Second, it’s already quite clear that, while past State Departments worked to protect all religious minorities, the current one protects Christians first and foremost, and has no interest in protecting Muslims.
“My deep fear is they become pro-Evangelical Christian and anti-Muslim throughout the world,” said Casey. “One test is: is he going to go to Myanmar? Or to Bangladesh? Will he say that the ethnic cleansing of 650,000 Muslims in Rakhine state [in Myanmar] is unacceptable? If he refuses to do that, we know he’s not going to be working on complex religious dynamics or protecting human rights.”
On the contrary, said Casey, “he may just continue to double-down on the Islamophobia of this administration.”
The one exception may be Saudi Arabia, the much-needed U.S. ally and serial human rights abuser, particularly of the country’s Shiite Muslim minority. “When the president goes to Riyadh and says ‘I’m not going to tell you Saudis how to run your country,’ that ridiculously undermines the United States policy of religious freedom for all,” Casey said. “It makes very difficult for the ambassador for international religious freedom to go back and say that we are deeply concerned about your treatment of religious minorities.”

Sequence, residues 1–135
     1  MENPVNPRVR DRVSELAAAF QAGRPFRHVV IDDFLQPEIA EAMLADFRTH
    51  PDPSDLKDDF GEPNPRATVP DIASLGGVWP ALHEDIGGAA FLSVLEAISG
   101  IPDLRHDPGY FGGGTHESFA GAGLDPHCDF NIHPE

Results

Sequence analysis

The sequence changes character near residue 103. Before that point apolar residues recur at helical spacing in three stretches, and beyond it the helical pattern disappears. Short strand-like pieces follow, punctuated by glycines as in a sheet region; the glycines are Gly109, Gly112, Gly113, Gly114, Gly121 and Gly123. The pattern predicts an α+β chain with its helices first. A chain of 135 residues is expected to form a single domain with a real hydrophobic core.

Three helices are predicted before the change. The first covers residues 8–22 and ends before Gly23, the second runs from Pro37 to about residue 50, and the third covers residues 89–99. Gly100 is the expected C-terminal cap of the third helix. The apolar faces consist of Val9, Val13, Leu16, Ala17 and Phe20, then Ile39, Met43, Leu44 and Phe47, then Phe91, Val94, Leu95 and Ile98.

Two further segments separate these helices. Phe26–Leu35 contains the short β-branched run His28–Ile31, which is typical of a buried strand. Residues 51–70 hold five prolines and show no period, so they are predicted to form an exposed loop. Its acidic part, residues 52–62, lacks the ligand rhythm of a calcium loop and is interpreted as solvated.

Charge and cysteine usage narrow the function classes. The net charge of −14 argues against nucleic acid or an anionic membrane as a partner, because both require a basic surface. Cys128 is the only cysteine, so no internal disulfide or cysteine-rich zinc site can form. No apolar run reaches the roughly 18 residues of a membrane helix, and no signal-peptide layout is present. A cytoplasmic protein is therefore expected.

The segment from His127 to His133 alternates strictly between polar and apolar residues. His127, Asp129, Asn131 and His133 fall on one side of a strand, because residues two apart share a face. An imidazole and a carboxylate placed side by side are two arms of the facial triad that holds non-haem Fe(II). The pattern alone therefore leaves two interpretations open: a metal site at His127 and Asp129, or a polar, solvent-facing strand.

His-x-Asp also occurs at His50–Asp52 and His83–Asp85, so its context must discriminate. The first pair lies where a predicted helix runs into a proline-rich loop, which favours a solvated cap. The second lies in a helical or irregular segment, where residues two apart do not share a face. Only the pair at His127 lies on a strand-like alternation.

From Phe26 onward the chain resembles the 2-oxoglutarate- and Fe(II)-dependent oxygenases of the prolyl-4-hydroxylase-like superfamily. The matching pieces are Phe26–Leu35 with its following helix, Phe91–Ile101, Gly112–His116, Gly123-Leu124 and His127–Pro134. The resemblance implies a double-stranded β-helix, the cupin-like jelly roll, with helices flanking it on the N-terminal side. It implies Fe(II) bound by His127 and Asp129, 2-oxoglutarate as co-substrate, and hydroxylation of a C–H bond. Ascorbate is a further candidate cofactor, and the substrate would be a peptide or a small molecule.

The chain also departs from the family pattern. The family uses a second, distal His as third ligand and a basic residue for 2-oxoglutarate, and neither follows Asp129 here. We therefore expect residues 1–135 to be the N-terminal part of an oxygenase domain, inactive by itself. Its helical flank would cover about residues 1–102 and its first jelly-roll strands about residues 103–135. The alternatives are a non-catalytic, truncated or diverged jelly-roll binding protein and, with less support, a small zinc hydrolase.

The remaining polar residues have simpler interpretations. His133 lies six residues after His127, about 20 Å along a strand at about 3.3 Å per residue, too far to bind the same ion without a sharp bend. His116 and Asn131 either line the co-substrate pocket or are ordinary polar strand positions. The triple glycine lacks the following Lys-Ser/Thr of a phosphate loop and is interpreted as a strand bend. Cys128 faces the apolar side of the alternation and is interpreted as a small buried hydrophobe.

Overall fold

Third, Brownback is now in a position to help the U.S.-based evangelicals who have been exporting anti-women and anti-LGBT ideologies worldwide.
On his own, he has a pulpit from which to preach his interpretation of American policy, influenced as it is by the Dominionist philosophy he has embraced, which holds that conservative Christianity must hold dominions over all the “mountains” of society, including government and culture.
He will likely speak at the United Nations, supporting the alliance of Russian conservatives and American Christian right conservatives, and their joint effort to define the “family” in narrow, heterosexual, patriarchal terms, which define women’s rights and LGBT rights as antithetical to the family.